Skip links

Reading Intention – Implementation – Impact

To explore the subject coverage, please click here


We recognise reading is a vital life skill and are passionate about instilling our love of books and literature in the children we teach. Our guiding principle is that children should leave Year 6 fluent, confident and enthusiastic readers having been immersed in a profusion of rich and engaging texts throughout their school life. Our reading curriculum will challenge children to become inspired thinkers, able to understand ideas, articulate emotions and make responses to debates using wide-ranging and precise vocabulary. Our children will have naturally enquiring minds stimulated by an understanding of the power of non-fiction and reference works, as well as a love of exploring and experiencing worlds both real and fantastical. We want our children to leave Year 6 equipped with the tools to take on the challenge of secondary education, but above all we want them to welcome books as friends that appeal to our interests, challenge us to question, and excite and entertain us.



Our reading curriculum is aspirational. It is biased and shaped to meet the individual, contextual and holistic needs of all pupils. Formative assessment is used constructively to secure ambitious objectives, supporting learners to maximise their abilities.


Ranvilles’ reading curriculum recognises the journey every individual undertakes in becoming a fluent and independent reader. Every child is unique and the point they have reached on their journey is not necessarily determined by age or year group. As such, implementation begins with the Ranvilles Reading Pathways – a progression map that organises the National Curriculum into streams of development from Year 1 to Year 6. These separate reading domains into constituent skills, making age-related expectations clear to classroom teachers. The pathways are used to assess progression points and meet developmental needs, as well as challenging children to be successful.


Teachers know where every child in their care is on the pathway and can identify if interventions or additional support are required in line with the school’s ‘Five Step Plan for Learning Success’. This works in conjunction with our ‘Practise, Prove, Perfect’ (PPP) philosophy, through which children emerge from the nascent learning of a skill to gaining confidence in its use before finally showing masterful control.


To help children understand the diverse range of skills needed to be a Master Reader, we have developed characters for the eight reading domains, along with two additions that cover verbal communication. Our ‘Ranvilles Reading Masters’ adorn every classroom wall and offer a common language throughout reading work, meaning children become expert over the four years at recognising the difference between skills such as decoding, retrieval and inference and how and when we use them to interrogate a text. The Masters also go home with the children; parents are provided with a guide to their use so that time spent reading at home is purposeful and rewarding for both parent and child.


Assessment for Learning identifies children who will benefit from reading intervention. These children are supported by an adult to develop as phonetic readers while exploring meaning through the Reading Masters. Guided reading supports all children (at their ability level) to make focused and rapid progress.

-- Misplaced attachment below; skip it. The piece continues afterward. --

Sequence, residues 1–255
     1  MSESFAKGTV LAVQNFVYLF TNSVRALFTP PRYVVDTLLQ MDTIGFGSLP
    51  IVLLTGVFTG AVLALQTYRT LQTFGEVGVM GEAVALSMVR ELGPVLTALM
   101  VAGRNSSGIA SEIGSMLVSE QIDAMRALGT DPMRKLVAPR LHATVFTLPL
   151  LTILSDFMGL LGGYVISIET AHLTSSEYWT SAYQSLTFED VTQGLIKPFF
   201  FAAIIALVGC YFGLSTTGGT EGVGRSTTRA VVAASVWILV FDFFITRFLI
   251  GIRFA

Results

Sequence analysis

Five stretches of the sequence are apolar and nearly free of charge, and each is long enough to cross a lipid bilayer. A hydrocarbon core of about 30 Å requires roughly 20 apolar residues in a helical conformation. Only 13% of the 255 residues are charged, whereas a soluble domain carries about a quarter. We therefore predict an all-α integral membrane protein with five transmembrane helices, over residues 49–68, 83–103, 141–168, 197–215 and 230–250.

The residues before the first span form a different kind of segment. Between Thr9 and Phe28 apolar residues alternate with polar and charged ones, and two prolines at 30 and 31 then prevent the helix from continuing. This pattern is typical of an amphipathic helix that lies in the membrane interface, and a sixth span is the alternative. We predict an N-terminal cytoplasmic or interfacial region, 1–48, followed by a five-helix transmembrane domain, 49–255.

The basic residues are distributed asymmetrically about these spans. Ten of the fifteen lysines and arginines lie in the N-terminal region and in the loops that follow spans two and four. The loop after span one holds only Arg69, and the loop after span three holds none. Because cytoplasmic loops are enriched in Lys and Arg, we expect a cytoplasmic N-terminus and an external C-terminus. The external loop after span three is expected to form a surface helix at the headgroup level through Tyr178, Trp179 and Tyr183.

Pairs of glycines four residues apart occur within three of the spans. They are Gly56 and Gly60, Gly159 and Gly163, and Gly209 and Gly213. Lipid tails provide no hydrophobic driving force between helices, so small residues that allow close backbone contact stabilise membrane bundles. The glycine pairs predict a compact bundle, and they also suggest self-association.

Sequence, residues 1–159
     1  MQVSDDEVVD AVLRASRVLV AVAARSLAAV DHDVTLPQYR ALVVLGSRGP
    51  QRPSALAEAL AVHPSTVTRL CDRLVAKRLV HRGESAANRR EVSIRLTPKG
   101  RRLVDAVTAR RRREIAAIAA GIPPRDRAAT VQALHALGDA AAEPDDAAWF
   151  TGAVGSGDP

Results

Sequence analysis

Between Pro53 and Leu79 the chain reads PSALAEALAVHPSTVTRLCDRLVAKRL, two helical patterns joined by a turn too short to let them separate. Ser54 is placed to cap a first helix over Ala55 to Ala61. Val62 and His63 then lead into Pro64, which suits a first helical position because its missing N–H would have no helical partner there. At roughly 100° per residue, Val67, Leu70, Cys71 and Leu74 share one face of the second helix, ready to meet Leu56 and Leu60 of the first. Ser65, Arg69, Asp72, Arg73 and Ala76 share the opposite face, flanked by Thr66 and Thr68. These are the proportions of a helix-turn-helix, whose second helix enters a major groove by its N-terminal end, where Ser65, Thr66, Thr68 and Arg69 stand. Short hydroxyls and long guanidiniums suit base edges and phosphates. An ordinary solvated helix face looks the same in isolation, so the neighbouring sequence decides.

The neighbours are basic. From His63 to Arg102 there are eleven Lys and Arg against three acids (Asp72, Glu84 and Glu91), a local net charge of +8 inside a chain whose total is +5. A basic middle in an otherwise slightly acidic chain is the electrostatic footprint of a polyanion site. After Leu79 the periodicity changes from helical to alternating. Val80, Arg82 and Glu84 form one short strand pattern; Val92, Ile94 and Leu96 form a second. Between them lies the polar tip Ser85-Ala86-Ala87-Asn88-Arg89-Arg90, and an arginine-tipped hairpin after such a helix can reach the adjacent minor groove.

Within the main English lesson, reading skills are taught discretely as well as being interwoven with writing so children have the chance to use what they are learning. Model texts provide a rich and varied stimulus for writing work and teachers are proficient in the art of reading texts metacognitively, encouraging children to participate in the thinking process behind understanding reading. A mixture of independent, whole class and small group comprehension work allows for variety in approach and facilitates multiple options for teacher assessment. Reading feeds into the half-termly Big Debate week, where children put their accumulated knowledge into action by debating a wide variety of motions. This means not only using language skills to communicate opinions and ideas, but also to consider the act of debating itself – listening to, responding to and building on others’ ideas to work co-operatively and collaboratively.


Reading naturally extends beyond the English lesson: whether examining sources in history, understanding beliefs and religions of the world in RE or evaluating ideas to put toward the Big Debate – reading is a core part of our foundation studies. We enrich this by using a wide variety of exciting and purposeful texts, ranging from model texts in lessons to the end-of-day class novel; a special time for sharing and enjoying a story as a class.




Children at Ranvilles will be competent, expressive readers who understand the importance and benefit of the diverse range of texts we encounter in modern life. Whether that is through curling up with an indulgent novel, reading world news through a webpage, understanding the use of sound and image in a film or taking part in informed discussion about events impacting their lives, Ranvilles children will have a foundation for communicating with confidence. They will be considered thinkers, vocabulary rich speakers and articulate communicators who show high levels of engagement with texts and a voracious desire to explore the imagination and wonder of stories.


Above all, by accessing and exploring the world and its citizens through reading, they will have an empathy with others: an ability to see and accept points of view different to their own; appreciate lives and cultural backgrounds beyond their own; and through debate, give reasoned and informed opinions.

Translate »